In a new study published April 5 in the Astrophysical Journal Letters, the NASA team describes the structures as raining null-point topologies (RNPTs) — superbright, comparatively small magnetic loops that rise up to 30,000 miles (50,000 kilometers) above the sun’s surface. While studying five months of solar observations taken by NASA’s Solar Dynamics Observatory (SDO), the team detected three clearly visible RNPT structures, each of which blazed with plasma rain for days at a time.

More From LiveScience

“The ease with which these structures were identified and the frequency of rain during all observations provides compelling support for the conclusion that this is a ubiquitous phenomenon,” the authors wrote in the study.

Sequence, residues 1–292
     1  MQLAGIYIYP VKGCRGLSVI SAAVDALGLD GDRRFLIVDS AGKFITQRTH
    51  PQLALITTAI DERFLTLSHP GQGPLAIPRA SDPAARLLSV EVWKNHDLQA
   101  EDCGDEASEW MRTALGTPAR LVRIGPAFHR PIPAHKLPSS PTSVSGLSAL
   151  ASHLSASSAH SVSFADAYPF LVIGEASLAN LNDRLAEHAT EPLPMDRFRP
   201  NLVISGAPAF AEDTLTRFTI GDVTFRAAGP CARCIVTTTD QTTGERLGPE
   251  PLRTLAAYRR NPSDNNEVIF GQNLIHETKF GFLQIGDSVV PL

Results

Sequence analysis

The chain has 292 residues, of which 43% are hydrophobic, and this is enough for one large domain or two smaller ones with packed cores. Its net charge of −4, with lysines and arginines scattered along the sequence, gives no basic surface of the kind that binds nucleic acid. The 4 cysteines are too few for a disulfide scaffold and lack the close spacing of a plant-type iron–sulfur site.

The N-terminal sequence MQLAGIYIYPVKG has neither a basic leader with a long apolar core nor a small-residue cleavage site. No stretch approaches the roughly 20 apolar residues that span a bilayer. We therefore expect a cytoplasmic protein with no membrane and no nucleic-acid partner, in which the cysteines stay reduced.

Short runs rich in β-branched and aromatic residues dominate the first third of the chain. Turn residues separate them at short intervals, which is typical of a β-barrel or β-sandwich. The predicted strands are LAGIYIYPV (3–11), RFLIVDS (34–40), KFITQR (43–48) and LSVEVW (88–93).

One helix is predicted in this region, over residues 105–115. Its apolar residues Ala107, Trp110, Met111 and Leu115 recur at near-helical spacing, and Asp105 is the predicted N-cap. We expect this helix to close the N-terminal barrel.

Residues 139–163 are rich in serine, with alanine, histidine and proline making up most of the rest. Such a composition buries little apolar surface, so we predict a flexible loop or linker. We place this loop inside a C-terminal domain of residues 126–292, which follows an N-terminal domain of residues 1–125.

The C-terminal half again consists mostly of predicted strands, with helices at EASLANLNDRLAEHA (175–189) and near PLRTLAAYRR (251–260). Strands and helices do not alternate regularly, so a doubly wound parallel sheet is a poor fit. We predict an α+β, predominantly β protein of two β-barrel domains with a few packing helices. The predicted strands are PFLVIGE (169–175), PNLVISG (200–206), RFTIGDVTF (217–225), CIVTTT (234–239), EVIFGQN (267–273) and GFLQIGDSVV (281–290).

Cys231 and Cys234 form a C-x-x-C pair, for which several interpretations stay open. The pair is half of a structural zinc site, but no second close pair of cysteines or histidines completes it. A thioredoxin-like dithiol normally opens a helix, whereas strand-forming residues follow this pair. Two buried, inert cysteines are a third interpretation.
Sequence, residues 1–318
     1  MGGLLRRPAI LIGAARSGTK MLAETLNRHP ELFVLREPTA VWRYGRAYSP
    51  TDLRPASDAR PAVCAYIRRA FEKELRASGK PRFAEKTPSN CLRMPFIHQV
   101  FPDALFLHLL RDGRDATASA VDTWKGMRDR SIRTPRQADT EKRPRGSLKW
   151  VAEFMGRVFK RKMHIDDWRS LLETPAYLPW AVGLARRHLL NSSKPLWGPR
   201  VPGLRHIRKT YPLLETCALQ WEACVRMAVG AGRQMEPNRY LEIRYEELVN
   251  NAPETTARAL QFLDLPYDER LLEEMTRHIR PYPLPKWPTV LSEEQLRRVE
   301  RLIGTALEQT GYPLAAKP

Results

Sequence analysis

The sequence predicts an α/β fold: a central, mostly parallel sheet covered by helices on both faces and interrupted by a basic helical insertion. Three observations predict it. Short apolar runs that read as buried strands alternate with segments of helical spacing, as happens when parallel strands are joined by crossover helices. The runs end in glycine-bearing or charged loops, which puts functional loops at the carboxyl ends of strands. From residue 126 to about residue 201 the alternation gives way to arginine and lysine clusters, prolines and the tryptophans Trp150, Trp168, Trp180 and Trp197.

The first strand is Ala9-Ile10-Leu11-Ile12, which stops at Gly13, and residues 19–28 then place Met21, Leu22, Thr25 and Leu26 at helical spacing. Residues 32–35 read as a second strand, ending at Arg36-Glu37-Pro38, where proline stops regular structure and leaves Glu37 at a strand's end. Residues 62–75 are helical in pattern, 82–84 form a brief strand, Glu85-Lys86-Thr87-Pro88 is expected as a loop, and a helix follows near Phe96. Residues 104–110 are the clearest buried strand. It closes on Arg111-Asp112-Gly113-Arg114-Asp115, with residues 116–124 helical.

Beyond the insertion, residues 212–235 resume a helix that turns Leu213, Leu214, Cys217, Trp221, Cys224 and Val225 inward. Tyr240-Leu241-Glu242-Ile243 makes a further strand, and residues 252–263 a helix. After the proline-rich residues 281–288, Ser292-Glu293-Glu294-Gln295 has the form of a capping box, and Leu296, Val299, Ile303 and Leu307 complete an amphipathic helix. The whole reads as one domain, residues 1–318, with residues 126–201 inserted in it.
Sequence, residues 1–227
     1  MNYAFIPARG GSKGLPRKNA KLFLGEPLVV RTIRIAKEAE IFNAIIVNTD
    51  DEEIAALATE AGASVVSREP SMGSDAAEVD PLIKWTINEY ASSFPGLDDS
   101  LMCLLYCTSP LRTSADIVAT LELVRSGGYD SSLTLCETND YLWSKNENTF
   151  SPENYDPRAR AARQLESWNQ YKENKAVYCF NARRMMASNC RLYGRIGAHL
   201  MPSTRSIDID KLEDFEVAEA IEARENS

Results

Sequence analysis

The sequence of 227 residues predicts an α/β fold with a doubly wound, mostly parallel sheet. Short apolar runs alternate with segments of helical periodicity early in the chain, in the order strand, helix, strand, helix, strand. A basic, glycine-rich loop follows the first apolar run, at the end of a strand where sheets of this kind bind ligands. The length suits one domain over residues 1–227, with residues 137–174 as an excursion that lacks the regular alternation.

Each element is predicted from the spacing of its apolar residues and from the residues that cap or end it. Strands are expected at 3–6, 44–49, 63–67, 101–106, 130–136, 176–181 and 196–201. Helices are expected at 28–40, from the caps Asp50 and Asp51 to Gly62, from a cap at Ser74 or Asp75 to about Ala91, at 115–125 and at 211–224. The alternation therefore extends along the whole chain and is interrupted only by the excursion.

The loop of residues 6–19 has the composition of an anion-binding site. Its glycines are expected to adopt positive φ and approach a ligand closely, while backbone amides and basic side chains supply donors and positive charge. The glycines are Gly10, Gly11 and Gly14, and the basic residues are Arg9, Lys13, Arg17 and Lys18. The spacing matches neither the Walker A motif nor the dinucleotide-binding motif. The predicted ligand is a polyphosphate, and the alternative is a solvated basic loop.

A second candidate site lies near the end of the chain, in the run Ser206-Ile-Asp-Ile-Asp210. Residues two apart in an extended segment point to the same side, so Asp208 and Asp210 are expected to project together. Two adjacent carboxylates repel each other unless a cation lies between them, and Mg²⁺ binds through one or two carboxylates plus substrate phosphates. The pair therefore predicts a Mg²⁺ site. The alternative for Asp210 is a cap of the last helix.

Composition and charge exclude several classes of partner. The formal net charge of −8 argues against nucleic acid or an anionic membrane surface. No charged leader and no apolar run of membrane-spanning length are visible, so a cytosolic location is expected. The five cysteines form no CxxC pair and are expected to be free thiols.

Hunting for molten rain

The detection of these drizzly structures came as a surprise to NASA researcher Emily Mason, who was scouring the SDO footage for signs of rain in massive structures called helmet streamers — 1 million-mile-tall (1.6 million km) magnetic field loops named after a knight’s pointy headgear.

These streamers are clearly visible leaping out of the sun’s corona, or the outermost part of its atmosphere, during solar eclipses , and seemed as good a place as any to look for solar rain, the researchers wrote. However, Mason couldn’t find a trace of falling plasma in any SDO footage of the streamers. What she did see were numerous bright, low, mysterious structures that she and her team later identified as the RNTPs.